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Prof. Mohamed Ahmed El Assal

Academic Position: Professor

Current Administrative Position:

Ex-Administrative Position:

Faculty: Medicine

Department: INTERNAL MEDICINE

Edu-Mail: mohamed.alassal@fmed.bu.edu.eg

Alternative Email: Mohamedelassal500@hotmail.com

Mobile: Not Available

Scientific Name: **********

Publications [ Titles(15) :: Papers(2) :: Abstracts(9) ]

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Lactoferrin as an added therapy in the treatment of Helicobacter pylori [2018-02-18]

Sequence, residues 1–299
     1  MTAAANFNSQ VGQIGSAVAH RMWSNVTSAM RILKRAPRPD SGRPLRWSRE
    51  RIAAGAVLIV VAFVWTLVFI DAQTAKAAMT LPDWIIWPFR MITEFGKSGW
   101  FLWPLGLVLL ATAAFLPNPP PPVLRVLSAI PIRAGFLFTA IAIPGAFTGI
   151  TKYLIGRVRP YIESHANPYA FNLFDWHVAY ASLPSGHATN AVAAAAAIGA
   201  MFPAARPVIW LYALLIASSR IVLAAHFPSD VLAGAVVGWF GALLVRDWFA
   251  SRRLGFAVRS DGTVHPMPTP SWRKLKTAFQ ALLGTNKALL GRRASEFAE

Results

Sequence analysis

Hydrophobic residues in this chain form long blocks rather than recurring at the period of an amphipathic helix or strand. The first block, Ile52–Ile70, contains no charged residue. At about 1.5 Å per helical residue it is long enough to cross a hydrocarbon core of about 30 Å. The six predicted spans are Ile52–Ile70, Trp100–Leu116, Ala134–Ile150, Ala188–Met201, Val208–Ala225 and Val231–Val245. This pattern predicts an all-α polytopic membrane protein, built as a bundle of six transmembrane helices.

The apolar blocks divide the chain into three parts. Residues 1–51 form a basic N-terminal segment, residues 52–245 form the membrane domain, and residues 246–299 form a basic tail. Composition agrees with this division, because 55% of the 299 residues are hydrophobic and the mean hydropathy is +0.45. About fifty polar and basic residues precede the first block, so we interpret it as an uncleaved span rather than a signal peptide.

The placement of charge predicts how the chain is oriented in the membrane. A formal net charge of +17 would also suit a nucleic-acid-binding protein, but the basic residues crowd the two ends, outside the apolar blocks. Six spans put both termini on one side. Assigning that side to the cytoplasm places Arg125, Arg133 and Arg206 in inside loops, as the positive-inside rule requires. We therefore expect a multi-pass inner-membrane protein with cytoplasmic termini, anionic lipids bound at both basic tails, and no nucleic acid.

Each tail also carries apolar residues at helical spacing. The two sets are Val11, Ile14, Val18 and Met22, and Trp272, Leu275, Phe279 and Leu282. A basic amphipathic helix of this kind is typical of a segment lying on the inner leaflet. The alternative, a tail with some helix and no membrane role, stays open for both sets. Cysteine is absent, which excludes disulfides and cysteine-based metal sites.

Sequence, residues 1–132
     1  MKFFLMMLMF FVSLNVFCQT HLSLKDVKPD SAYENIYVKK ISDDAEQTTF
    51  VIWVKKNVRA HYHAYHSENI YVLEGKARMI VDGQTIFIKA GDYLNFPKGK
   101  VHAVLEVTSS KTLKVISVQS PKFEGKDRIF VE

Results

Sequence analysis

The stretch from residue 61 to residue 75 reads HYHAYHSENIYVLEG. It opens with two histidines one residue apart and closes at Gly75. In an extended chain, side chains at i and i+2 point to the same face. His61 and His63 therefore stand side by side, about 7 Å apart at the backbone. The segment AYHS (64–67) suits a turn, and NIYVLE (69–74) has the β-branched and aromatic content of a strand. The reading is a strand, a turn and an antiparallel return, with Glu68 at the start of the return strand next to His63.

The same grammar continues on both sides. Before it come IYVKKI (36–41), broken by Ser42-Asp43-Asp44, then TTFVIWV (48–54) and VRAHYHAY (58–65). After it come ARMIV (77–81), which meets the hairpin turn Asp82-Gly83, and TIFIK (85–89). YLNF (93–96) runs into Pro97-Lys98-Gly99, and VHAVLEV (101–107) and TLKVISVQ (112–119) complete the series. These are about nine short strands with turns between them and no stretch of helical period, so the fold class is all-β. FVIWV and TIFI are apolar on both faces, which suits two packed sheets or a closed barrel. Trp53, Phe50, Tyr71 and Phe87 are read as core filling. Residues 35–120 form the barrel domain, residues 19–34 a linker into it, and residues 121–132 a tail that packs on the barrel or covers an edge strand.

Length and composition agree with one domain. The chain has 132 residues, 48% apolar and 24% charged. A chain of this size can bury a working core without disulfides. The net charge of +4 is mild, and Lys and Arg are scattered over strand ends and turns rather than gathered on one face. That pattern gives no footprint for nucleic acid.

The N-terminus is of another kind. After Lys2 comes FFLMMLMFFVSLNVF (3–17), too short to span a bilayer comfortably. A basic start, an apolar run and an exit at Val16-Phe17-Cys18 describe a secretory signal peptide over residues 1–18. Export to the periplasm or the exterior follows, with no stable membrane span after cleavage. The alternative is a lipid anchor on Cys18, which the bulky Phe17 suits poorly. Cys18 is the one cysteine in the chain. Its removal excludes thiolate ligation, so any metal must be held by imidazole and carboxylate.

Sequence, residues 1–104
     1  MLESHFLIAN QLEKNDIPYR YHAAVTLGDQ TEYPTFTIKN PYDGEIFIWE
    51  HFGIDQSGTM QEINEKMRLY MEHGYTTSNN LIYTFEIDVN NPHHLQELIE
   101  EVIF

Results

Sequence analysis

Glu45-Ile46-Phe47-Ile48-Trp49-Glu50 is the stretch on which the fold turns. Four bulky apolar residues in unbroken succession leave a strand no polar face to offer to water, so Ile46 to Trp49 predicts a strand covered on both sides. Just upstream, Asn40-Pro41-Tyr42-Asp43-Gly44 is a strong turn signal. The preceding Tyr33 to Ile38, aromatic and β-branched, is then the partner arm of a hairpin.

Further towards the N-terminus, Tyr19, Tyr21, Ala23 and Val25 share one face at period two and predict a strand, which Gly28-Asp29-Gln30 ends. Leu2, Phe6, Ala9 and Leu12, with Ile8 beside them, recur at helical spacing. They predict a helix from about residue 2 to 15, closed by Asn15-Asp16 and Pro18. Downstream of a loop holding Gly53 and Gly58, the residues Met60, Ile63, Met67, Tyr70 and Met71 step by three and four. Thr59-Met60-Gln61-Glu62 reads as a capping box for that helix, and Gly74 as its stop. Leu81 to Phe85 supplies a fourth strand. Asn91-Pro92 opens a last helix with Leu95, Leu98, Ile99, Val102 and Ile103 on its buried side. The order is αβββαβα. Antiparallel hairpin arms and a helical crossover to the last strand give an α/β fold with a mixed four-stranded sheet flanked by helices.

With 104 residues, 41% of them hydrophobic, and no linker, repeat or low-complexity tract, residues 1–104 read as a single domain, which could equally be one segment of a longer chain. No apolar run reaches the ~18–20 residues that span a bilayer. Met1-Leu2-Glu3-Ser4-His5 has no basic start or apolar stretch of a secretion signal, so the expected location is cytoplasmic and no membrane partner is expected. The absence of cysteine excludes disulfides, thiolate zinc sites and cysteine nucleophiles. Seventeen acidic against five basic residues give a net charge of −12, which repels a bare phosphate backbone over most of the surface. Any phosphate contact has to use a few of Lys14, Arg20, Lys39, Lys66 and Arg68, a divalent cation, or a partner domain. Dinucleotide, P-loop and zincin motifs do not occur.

ORIGINAL ARTICLE Year : 2017 | Volume : 34 | Issue : 2 | Page : 119-122 Lactoferrin as an added therapy in the treatment of Helicobacter pylori Fawzy A Megahed, Mohammed A El-Assal, Ahmed S Dabour, Ramy A Samy, Mahmoud A Rizk, Soha H Al Adhm Gastroenterology and Hepatology Unit, Internal Medicine Department, Faculty of Medicine, Benha University, Benha, Egypt Date of Submission 14-Feb-2017 Date of Acceptance 28-Mar-2017 Date of Web Publication 20-Nov-2017 Correspondence Address: Soha H Al Adhm Gastroenterology and Hepatology Unit, Internal Medicine Department, Faculty of Medicine, Benha University, Benha, 13518 Egypt Source of Support: None, Conflict of Interest: None Check DOI: 10.4103/bmfj.bmfj_25_17 Abstract Background Bovine lactoferrin (bLF), an iron-binding glycoprotein, is a nonenzymatic antioxidant found in the whey fraction of fermented milk as well as in colostrum. The possibility that bLF may help improve the Helicobacter pylori eradication rate was first conceived in 1997 when an in-vitro study by Yamazaki and colleagues showed that bLF was bactericidal to H. pylori in Brucella broth. Later in-vitro studies have confirmed the same and yielded evidence of the possible mechanism of the bactericidal action of bLF, relating it to the high iron-binding affinity and prevention of iron utilization by H. pylori. Lactoferrin is used for treating stomach and intestinal ulcers, diarrhea, and hepatitis C. Aim The aim of the study was to verify the value of adding lactoferrin to the treatment of H. pylori infection. Patients and methods This study was conducted on 50 patients selected from Internal Medicine Department, Benha University Hospital. They were divided into group 1, which included 25 patients who were treated with traditional therapy (clarithromycin, omeprazole, amoxicillin, or metronidazole), and group 2, who were treated by traditional therapy plus lactoferrin (pravotin) for 1 week. H. pylori stool antigen testing was performed for both groups before and after therapy to assess the response to therapy. Results were statistically analyzed. Results Our results show that addition of lactoferrin improves the H. pylori infection eradication rate. Keywords: Helicobacter pylori infection, lactoferrin, stool antigen, traditional therapy How to cite this article: Megahed FA, El-Assal MA, Dabour AS, Samy RA, Rizk MA, Al Adhm SH. Lactoferrin as an added therapy in the treatment of Helicobacter pylori. Benha Med J 2017;34:119-22 How to cite this URL: Megahed FA, El-Assal MA, Dabour AS, Samy RA, Rizk MA, Al Adhm SH. Lactoferrin as an added therapy in the treatment of Helicobacter pylori. Benha Med J [serial online] 2017 [cited 2018 Feb 18];34:119-22. Available from: http://www.bmfj.eg.net/text.asp?2017/34/2/119/218830 Introduction Helicobacter pylori is a Gram-negative, spiral bacterium that locates itself on the epithelial surface of the stomach. It is thought to be the most common bacterial infection worldwide. Virtually all persons infected by this organism develop gastritis, a signature feature of which is the capacity to persist for decades, leading to chronic inflammation of the underlying mucosa. It has been recognized to be associated with increased risk for chronic gastritis, peptic ulcer disease (PUD) (gastric and duodenal), gastric mucosal-associated lymphoid tissue lymphoma, and gastric adenocarcinoma. The WHO has described H. pylori as a class 1 carcinogen for gastric carcinoma. Isolation of the organism by Warren and colleagues in 1983 has modified the management of PUD [1]. Eradication of H. pylori is considered a necessary step in the management of these diseases. First-line traditional therapy eradication regimens (proton pump inhibitor plus clarithromycin and amoxicillin or metronidazole) are inconvenient and achieve unpredictable and often poor results. Second-line therapy includes traditional therapy plus lactoferrin [2]. Bovine lactoferrin (bLF), an iron-binding glycoprotein, is a nonenzymatic antioxidant found in the whey fraction of fermented milk as well as in colostrum. The possibility that bLF may help improve the H. pylori eradication rate was first conceived in 1997 when an in-vitro study by Yamazaki et al. [3] showed that bLF was found to be bactericidal to H. pylori in Brucella More Details broth. Later in-vitro studies have confirmed the same and yielded evidence of the possible mechanism of the bactericidal action of bLF, relating it to the high iron-binding affinity and prevention of iron utilization by H. pylori [4]. Lactoferrin is used for treating stomach and intestinal ulcers, diarrhea, and hepatitis C. It is also used as an antioxidant and to protect against bacterial and viral infections. Other uses include stimulating the immune system, promoting healthy intestinal bacteria, preventing cancer, and regulating the way the body processes iron [5]. Patients and methods Inclusion criteria Patients of both sexes who were aged 12–60 years and positive for H. pylori antigen in their stool were eligible for participation in this study. Exclusion criteria Patients with GIT malignancy, those with iron deficiency anemia, and patients negative for H. pylori antigen in stool were exempted from the study. All patients were subjected to the following: history taking, including age, sex, occupation, address, marital status, habits, past history of any disease, family history, and any present complaint; and clinical examination, including general and systemic examination. Laboratory investigation Complete blood count, liver function tests [alanine aminotransferase (ALT), aspartate aminotransferase, and bilirubin], and H. pylori antigen test in stool samples (before and after treatment) were conducted. The clinical data were recorded on a report form. These data were tabulated and analyzed using the computer program statistical package for social science (SPSS, version 16; SPSS Inc., Chicago, Illinois, USA) to obtain the following. Statistical analysis Descriptive data Descriptive statistics were calculated for the data in the form of mean and SD for quantitative data and frequency and distribution for qualitative data. Analytical statistics In the statistical comparison between the different groups, the significance of difference was tested using one of the following tests: the paired t-test, which was used to compare the mean of variables before and after treatment in the same group; and the Student t-test, which was used to compare the mean of two groups of quantitative data. Intergroup comparison of categorical data was performed using the χ2-test. A P value less than 0.05 was considered statistically significant, whereas values more than 0.05 were considered statistically insignificant and values less than 0.01 were considered highly significant in all analyses. Results The comparison between the studied groups before treatment showed no significant statistical values, except for the ALT level. The comparison between the studied groups after treatment showed significant statistical values for hemoglobin level, mean corpuscular volume (MCV) level, ALT level, and H. pylori antigen in stool ([Table 1] and [Figure 1]). Table 1 Comparison between the studied groups after treatment showing significant statistical values for Helicobacter pylori antigen in stool samples Click here to view Figure 1 Comparison between the studied groups after treatment showing significant statistical values for Helicobacter pylori antigen in stool samples Click here to view Discussion bLF, an iron-binding glycoprotein, is a nonenzymatic antioxidant found in the whey fraction of fermented milk as well as in colostrum. The possibility that bLF may help to improve the H. pylori eradication rate was first conceived in 1997 when an in-vitro study by Yamazaki et al.found bLF to be bactericidal to H. pylori in Brucella broth. Later in-vitro studies have confirmed the same and yielded evidence of the possible mechanism of the bactericidal action of bLF, relating it to the high iron-binding affinity and prevention of iron utilization by H. pylori[4]. Lactoferrin is used for treating stomach and intestinal ulcers and diarrhea. It is also used as an antioxidant and to protect against bacterial and viral infections. Other uses include stimulating the immune system, promoting healthy intestinal bacteria, preventing cancer, and regulating the way the body processes iron [5]. H. pylori is a Gram-negative, spiral bacterium that locates itself on the epithelial surface of the stomach. It is thought to be the most common bacterial infection worldwide. Virtually all persons infected with this organism develop gastritis, a signature feature of which is the capacity to persist for decades, leading to chronic inflammation of the underlying mucosa. It has been recognized to be associated with increased risk for chronic gastritis, PUD (gastric and duodenal), gastric mucosal-associated lymphoid tissue lymphoma, and gastric adenocarcinoma. The WHO has described H. pylori as a class 1 carcinogen for gastric carcinoma. Isolation of the organism by Warren and colleagues in 1983 has modified the management of PUD [1]. Eradication of H. pylori is considered a necessary step in the management of these diseases. First-line traditional therapy eradication regimens (proton pump inhibitor plus clarithromycin and amoxicillin or metronidazole) are inconvenient and achieve unpredictable and often poor results. Second-line therapy may include traditional therapy plus lactoferrin [2]. In the present study, the results show that addition of lactoferrin improves the H. pylori infection eradication rate. In agreement with our results was that of di Mario et al. [6], who found that the addition of 200 mg of bLF twice a day for 7-day triple therapy had a superior eradication rate (92%) in comparison with the standard 7- or 10-day triple therapy (71 and 72%, respectively) using rabeprazole (20 mg twice daily), clarithromycin (500 mg twice daily), and tinidazole (500 mg twice daily) [6]. Similarly, Tursi et al. [7] reported that quadruple therapy is now recommended as a second-line therapy for H. pylori infection. It has been found that quadruple therapy is very effective in retreating H. pylori-positive patients with a failure of a first attempt to cure this infection, especially when Lactobacillus casei is added [7]. The present study as well agrees with that of Zou et al. [8], who mentioned that bLF improves the side effects and increases eradication rates when associated with triple therapy. It is possible that the combination of bLF with clarithromycin, amoxicillin, and esomeprazole provokes a synergistic effect by launching attacks from different directions against H. pylori that could lead to a better complete clearance of the bacterial infection [8]. Okuda et al. [9] proved that bLF-based therapy could potentially improve H. pylori eradication rates by ∼10% without any significant impact on the treatment-associated adverse effects. Ellison [10] found that lactoferrin appears to be an important factor in the host’s defense against a wide range of bacteria. Potential mechanisms through which bLF inhibits the growth of certain microorganisms (including H. pylori) have been hypothesized. These include antimicrobial activity (bacteriostatic and bactericidal effects), structural changes in the microbial cell wall, complete loss of membrane potential and integrity, indirect effects on enzyme activation, increased generation of the metabolic by-products of anaerobic metabolism, iron deprivation, and a combination of these factors [10]. In contrast to our results, Zullo et al. [11] reported no difference between standard triple therapy and triple therapy+bLF in a recent study performed in three centers. Opekum et al. [12] also found that lactoferrin is not efficacious against H. pylori infection as a single agent but must be added to the triple therapy to improve the result. In particular, they claimed that there was no enhanced efficacy when amoxicillin was combined with bLF. However, it should be noted that the only published data on the interaction between amoxicillin and bLF are based on animal models proposed by Dial et al. [13]. In conclusion, our results showed that addition of lactoferrin can improve the H. pylori infection eradication rate and the present study recommends adding bLF to traditional therapy eradication regimens. Financial support and sponsorship Nil. Conflicts of interest There are no conflicts of interest. References 1. Peek RM Jr, Fiske C, Wilson KT. Role of innate immunity in Helicobacter pylori-induced gastric malignancy. Physiol Rev 2010; 90:831–858. 2. Garza-González E, Perez-Perez GI, Maldonado-Garza HJ, Bosques-Padilla FJ. A review of Helicobacter pylori diagnosis, treatment, and methods to detect eradication. World J Gastroenterol 2014; 20:1438–1449. 3. Yamazaki N, Yamauchi K, Kawase K, Hayasawa H, Nakao K, Imoto I. Antibacterial effects of lactoferrin and a pepsin-generated lactoferrin peptide against Helicobacter pylori in vitro. J Infect Chemother 1997; 3:85–89. 4. Serna H, Dial EJ, Hall LR. Antibiotic properties of bovine lactoferrin on Helicobacter pylori. Dig Dis Sci 1998; 12:2750–2756. 5. Defer MC, Dugas B, Picard O, Damais C. Impairment of circulating lactoferrin in HIV-1 infection. Cell Mol Biol (Noisy-le-grand) 1995; 41:417–421. 6. Di Mario F, Aragona G, Dal Bo N, Ingegnoli AV, Cavestro GM, Moussa A, Potential use of lactoferrin in a 7 days trip therapy for Helicobacter pylori eradication: a pilot study. J Clin Gastroenterol 2003; 36:396–398. 7. Tursi A, Brandimarte G, Giorgetti GM, Modeo ME. Effect of Lactobacillus casei supplementation on the effectiveness and tolerability of a new second-line 10-day quadruple therapy after failure of a first attempt to cure Helicobacter pylori infection. Med Sci Monit 2004; 10:CR662–CR666. 8. Zou J, Dong J, Yu XF. Meta-analysis: the effect of supplementation with lactoferrin on eradication rates and adverse events during Helicobacter pylori eradication therapy. Helicobacter 2009; 14:119–127. 9. Okuda M, Nakazawa T, Yamauchi K, Miyashiro E, Koizumi R, Booka M et al. Bovine lactoferrin is effective to suppress Helicobacter pylori colonization in the human stomach: a randomized, double blinded, placebo controlled study. J Infect Chemother 2005; 11:265–269. 10. Ellison RT. The effects of lactoferrin on gram-negative bacteria. Adv Exp Med Biol 1994; 357:71–90. 11. Zullo A, de Francesco V, Scaccianoce G, Hassan C, Panarese A, Piglionica D et al. Quadruple therapy with lactoferrin for Helicobacter pylori eradication: a randomised, multicentre study. Dig Liver Dis 2005; 37:496–500. 12. Opekum AR, El-Zaimaity HM, Osato MS, Gilger Ma, Malaty HM, Terry M et al. Novel therapies for H. pylori infection. Aliment Pharmacol Ther 1999; 13:35–42 13. Dial EJ, Romero JJ, Headon DR, Lichtenberger LM. Recombinant human lactoferrin is effective in the treatment of Helicobacter felis-infected mice. J Pharm Pharmacol 2000; 52:1541–1546. more